I prefer to do my advising in face-to-face meetings, but I also do phone calls and emails. Different advisors have different communication styles, and there is no one size fits all.

Peer Advisory Board

A peer advisory board is a group of business owners that get together as a group and help each other with their businesses. These groups are sometimes called Mastermind Groups or CEO Boards. They can be part of a formal organization like Entrepreneurs' Organization or Young Presidents' Organization or Vistage, or they can be assembled from other entrepreneurs you know or meet around town.

Over the years, I have been a member of a half dozen of these groups. Right now, I belong to two groups like this.

  • Grow Your Own - I'm a member of a group of 7 Austin entrepreneurs that has been meeting monthly for 5+ years. It's a mix of industries (pet product manufacturing, software, consulting, real estate, etc.), and all of us have bootstrapped our companies. Each meeting lasts 3 hours, and we bring topics for the group to discuss. Topics can range from mundane (can you recommend a new accountant) to strategic (help me evaluate this business I'm thinking of buying). This group is highly confidential, and we all know each others' numbers (revenue/profit/etc.), but we don't comb over each others' financial statements. This group is free - we all met at an event for bootstrapped business owners and decided to form the group to learn from each other. We started with 8 or 9 members and lost a couple over the years.
  • Pay to Play - I'm also a member of group of 8 entrepreneurs from around the U.S. that meet once a quarter. We operate more like a traditional board of directors for each other. This group is organized and run by Keith Cunningham, a bad-ass Jedi serial entrepreneur, and it has been one of the most impactful things I've ever done to improve my business. We share our complete financial statements with one another. We hold each other accountable and send monthly reports to keep each other updated on our progress toward our goals. It's hard core, awesome, expensive, and worth every penny. I think this kind of approach could work with a "grow your own" group, but it would need a strong leader to make it work.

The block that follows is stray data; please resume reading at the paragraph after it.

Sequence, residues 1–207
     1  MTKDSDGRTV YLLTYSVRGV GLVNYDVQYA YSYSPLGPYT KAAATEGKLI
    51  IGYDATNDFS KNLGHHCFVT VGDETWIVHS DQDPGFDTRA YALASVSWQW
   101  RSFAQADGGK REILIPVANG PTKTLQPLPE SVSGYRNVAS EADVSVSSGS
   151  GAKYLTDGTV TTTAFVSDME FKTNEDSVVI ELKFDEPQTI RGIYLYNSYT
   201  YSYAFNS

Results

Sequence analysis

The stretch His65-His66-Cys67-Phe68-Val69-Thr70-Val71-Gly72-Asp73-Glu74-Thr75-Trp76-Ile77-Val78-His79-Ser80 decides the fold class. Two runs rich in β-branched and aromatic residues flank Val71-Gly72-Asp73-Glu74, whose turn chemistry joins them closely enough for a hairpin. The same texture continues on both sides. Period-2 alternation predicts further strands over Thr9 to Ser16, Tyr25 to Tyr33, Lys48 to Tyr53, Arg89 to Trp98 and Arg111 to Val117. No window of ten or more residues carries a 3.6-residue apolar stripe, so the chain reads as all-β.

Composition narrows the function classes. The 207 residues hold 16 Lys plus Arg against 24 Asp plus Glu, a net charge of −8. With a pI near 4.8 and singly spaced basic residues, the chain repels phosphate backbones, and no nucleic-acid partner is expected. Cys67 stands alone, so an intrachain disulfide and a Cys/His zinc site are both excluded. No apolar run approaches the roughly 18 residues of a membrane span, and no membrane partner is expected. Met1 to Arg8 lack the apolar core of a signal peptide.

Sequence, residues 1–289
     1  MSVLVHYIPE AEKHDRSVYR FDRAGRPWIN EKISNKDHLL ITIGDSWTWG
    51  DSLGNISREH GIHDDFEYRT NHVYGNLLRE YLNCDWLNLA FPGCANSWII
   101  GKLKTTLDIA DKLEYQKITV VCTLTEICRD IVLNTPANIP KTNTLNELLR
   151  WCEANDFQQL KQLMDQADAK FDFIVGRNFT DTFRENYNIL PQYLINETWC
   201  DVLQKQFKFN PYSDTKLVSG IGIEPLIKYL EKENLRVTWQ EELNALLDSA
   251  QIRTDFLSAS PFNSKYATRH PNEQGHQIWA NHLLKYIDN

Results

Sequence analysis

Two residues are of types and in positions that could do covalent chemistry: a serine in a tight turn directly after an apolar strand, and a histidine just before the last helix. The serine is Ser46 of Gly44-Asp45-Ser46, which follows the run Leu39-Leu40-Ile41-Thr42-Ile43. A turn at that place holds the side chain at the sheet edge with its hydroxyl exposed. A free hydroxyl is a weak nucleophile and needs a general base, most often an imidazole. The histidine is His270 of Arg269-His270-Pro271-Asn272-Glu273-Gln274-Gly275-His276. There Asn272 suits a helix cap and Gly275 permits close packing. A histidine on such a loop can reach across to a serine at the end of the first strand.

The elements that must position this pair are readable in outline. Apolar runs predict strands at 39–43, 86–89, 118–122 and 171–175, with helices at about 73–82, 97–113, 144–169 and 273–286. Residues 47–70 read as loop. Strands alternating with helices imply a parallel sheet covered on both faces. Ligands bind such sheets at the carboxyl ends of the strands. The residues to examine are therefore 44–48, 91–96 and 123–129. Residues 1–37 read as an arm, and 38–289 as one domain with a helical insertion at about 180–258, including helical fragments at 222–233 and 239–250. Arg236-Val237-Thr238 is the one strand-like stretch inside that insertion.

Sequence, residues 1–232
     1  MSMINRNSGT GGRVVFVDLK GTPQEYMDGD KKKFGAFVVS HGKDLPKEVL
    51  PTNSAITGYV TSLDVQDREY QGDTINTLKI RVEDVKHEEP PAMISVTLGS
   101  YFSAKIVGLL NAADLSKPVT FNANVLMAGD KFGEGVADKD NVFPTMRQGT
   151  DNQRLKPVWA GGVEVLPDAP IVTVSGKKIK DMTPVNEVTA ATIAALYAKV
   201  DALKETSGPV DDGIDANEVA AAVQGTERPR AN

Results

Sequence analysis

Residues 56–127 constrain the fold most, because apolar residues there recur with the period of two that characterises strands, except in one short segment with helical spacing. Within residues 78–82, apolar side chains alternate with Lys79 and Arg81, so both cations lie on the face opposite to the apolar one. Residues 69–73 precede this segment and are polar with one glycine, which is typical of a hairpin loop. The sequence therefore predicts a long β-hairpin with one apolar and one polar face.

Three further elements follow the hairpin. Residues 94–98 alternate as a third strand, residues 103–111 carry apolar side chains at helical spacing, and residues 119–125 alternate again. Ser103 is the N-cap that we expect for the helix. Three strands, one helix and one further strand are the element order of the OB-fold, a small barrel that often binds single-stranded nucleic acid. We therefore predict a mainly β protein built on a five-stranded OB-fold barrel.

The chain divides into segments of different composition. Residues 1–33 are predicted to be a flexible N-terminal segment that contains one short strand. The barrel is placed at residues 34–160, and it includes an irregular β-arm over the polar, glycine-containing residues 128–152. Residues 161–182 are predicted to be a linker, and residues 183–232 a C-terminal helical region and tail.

The nice thing about peer advisory boards is that you get to understand someone else's business up close, and you can borrow/steal whatever is working for them. In one of my groups, my buddy cherry picked the best processess from the other members of the group (recruiting, finance, project management, sales, etc.) and was able to grow his business from $1MM to over $5MM in just a couple of years.

answered Mar 22 '12 at 03:49
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Michael Trafton
3,141 points
  • This was helpful. Thank you. – David W 8 years ago

1

Advisory boards are a great way to get honest feedback on your strategy and approach to your business.

As an entrepreneur, you should have your own personal advisory board. These are usually friends or former workmates that share a passion for entrepreneurship and building great products.

This "informal" advisory board can then turn into a full up board once you have a solid idea backed up with a plan.

The typical company advisory board meetings every quarter (sometimes every six months) to review the plans for the company.

Advisors do it for a variety of reasons. Mostly it's to keep their fingers on the pulse of new and exciting technologies and markets.

Almost always, they get stock in the company and their expenses taken care of. It's also common to send them an email for specific advice (which I have done with my advisory boards).

The structure of the board is entirely up to the company. How often they meet, what they meet about, etc. It's pretty loose in that sense.

Good luck.

answered Mar 18 '12 at 23:15
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Jarie Bolander
11,421 points
  • Thanks for your response. I appreciate it, and it was helpful. – David W 8 years ago